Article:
Twenty-Nine.

My Grandma Esther (affectionately called “Mee-Maw” by me and my brother), always told people that she was “twenty nine and some months.” I never really understood why she chose 29. It didn’t hold any traditional significance like 16, 18 or 21. It just seemed like a random number.

Mee Maw

Looking good for 29 and some months, Mee Maw :)

Mee Maw had both the sparkle of youth and the matter-of-fact wisdom that comes with time. She always told it how it was. There was no wondering whether the precious gem of truth she just shared with you was actually true. You knew it was because she was confident in who she was and there was no pretending otherwise. I  treasure the letters my mom saved between the two of them, kept safely in a pretty binder on my desk. I laugh out loud reading her words, remembering her personality as it shined through her writing:

“While I’m on my soap box – I hate shopping – for clothes, for food, for furniture, anything – and it seems your Dad loves it but likes me to tag along as if I have a say in whatever he’s looking for.” (I totally get it, Mee Maw.)

Maybe she was onto something with this whole 29 thing. Young enough that you can still fully embrace your girlish, youthful tendencies. Old enough that you start to understand why it REALLY doesn’t matter what other people think.

So here we go twenty-nine. I’m ready to let go of what the world thinks of me and just embrace the life I’ve been given.

Mee Maw, this year’s for you.

Oh Glorious Day!

In their fright the women bowed down with their faces to the ground, but the men said to them, “Why do you look for the living among the dead? 6 He is not here; he has risen! Remember how he told you, while he was still with you in Galilee: 7 ‘The Son of Man must be delivered over to the hands of sinners, be crucified and on the third day be raised again.’ ”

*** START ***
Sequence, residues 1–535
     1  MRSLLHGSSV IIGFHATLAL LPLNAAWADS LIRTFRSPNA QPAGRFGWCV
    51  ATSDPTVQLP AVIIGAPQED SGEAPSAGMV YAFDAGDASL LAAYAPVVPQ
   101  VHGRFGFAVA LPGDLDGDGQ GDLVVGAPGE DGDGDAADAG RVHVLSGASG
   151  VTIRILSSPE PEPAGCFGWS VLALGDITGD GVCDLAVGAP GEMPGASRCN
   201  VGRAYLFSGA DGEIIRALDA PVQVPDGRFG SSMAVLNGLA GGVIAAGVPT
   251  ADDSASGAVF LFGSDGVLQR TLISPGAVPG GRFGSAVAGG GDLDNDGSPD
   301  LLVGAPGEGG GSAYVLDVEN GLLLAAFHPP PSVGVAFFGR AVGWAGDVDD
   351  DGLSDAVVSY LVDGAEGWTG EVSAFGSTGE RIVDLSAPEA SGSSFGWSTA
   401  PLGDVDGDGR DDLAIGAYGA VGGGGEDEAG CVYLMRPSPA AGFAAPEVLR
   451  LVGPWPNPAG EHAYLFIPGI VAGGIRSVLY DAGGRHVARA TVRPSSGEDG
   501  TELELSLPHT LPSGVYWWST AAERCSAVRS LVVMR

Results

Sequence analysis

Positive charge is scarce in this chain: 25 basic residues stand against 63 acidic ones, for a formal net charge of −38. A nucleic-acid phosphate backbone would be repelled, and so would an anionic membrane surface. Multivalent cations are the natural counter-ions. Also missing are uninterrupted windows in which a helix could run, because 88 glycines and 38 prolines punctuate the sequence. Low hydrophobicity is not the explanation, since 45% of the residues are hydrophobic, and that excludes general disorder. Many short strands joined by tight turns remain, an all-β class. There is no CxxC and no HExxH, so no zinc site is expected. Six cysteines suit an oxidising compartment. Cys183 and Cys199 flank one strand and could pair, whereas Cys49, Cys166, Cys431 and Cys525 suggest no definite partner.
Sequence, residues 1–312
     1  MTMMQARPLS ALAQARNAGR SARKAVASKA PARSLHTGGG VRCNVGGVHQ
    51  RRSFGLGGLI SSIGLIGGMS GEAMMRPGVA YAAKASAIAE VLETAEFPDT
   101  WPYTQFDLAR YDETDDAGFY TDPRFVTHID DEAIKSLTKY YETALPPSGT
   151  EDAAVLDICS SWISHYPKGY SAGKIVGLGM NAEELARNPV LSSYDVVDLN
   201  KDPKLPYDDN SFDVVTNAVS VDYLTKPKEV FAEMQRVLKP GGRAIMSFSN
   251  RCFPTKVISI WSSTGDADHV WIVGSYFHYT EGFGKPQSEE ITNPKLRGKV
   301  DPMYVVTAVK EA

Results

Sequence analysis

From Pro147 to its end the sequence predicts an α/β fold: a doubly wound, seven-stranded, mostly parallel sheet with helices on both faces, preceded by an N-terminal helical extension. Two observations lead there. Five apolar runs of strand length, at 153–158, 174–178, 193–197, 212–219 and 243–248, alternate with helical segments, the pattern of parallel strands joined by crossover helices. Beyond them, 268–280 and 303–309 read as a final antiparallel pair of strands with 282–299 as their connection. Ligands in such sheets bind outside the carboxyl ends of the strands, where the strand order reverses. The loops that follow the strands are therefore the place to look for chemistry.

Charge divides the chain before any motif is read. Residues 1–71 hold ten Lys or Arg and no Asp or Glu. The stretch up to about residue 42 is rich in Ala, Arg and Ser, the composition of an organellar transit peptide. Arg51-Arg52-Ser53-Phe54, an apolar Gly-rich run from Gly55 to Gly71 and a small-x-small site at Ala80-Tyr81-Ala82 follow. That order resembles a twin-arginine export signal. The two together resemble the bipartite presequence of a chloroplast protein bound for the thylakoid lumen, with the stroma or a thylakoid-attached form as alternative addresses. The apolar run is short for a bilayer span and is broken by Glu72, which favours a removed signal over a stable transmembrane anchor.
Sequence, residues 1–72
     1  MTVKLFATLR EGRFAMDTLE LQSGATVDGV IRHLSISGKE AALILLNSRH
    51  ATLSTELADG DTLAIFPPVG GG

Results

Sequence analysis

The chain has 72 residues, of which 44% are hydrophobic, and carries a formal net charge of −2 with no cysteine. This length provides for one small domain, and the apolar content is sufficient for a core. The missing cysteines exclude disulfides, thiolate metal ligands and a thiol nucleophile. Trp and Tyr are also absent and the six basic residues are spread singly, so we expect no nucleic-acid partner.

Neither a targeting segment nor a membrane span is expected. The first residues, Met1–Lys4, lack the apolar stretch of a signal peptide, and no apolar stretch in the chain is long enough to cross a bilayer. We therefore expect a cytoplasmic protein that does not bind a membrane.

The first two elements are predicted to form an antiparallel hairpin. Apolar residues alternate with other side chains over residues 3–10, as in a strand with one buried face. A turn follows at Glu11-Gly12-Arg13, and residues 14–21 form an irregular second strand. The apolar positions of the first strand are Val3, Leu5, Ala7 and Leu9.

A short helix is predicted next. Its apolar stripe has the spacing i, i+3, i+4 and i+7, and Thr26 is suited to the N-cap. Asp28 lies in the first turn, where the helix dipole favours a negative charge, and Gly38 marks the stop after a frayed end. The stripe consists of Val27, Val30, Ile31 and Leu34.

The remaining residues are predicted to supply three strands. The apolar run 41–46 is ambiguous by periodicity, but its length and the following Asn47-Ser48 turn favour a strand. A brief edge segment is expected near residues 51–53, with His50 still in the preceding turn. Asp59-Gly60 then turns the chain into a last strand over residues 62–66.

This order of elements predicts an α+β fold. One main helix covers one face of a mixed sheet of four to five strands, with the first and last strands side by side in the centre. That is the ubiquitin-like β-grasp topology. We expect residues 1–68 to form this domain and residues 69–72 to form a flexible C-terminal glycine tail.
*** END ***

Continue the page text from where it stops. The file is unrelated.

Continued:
Luke 24:5-7

Happy Easter! I hope you were able to recognize the resurrection of our Lord and Savior Jesus Christ today. We attended a traditional Lutheran service at my childhood church and then our regular church for a more contemporary celebration. It was an awesome morning of worship and praise for our Messiah!

At the second service, someone prayed for the many believers who did not have the freedom to gather and boldly proclaim the glory of our risen Lord. We lift up those brothers and sisters tonight and sing just a little bit louder for them!

Living, He loved me
Dying, He saved me
Buried, He carried my sins far away
Rising, He justified freely forever
One day He’s coming
Oh glorious day, oh glorious day!

Thanks for following along with me on the 40 Days of Lent. I pray that God has met you in this time of reflection on His Word. Let us all go forth with a renewed sense of purpose in the Gospel.

Christ is Risen! He is risen indeed!

Were You There?

Today’s 40 Days of Lent reading is from John 20:1-31.

Were you there when they crucified my Lord?
Were you there when they crucified my Lord?
Oh, sometimes it causes me to tremble, tremble, tremble.
Were you there when they crucified my Lord?

Were you there when they nailed him to the tree?
Were you there when they nailed him to the tree?
Oh, sometimes it causes me to tremble, tremble, tremble.
Were you there when they nailed him to the tree?

Were you there when they laid him in the tomb?
Were you there when they laid him in the tomb?
Oh, sometimes it causes me to tremble, tremble, tremble.
Were you there when they laid him in the tomb?

Were you there when God raised him from the tomb?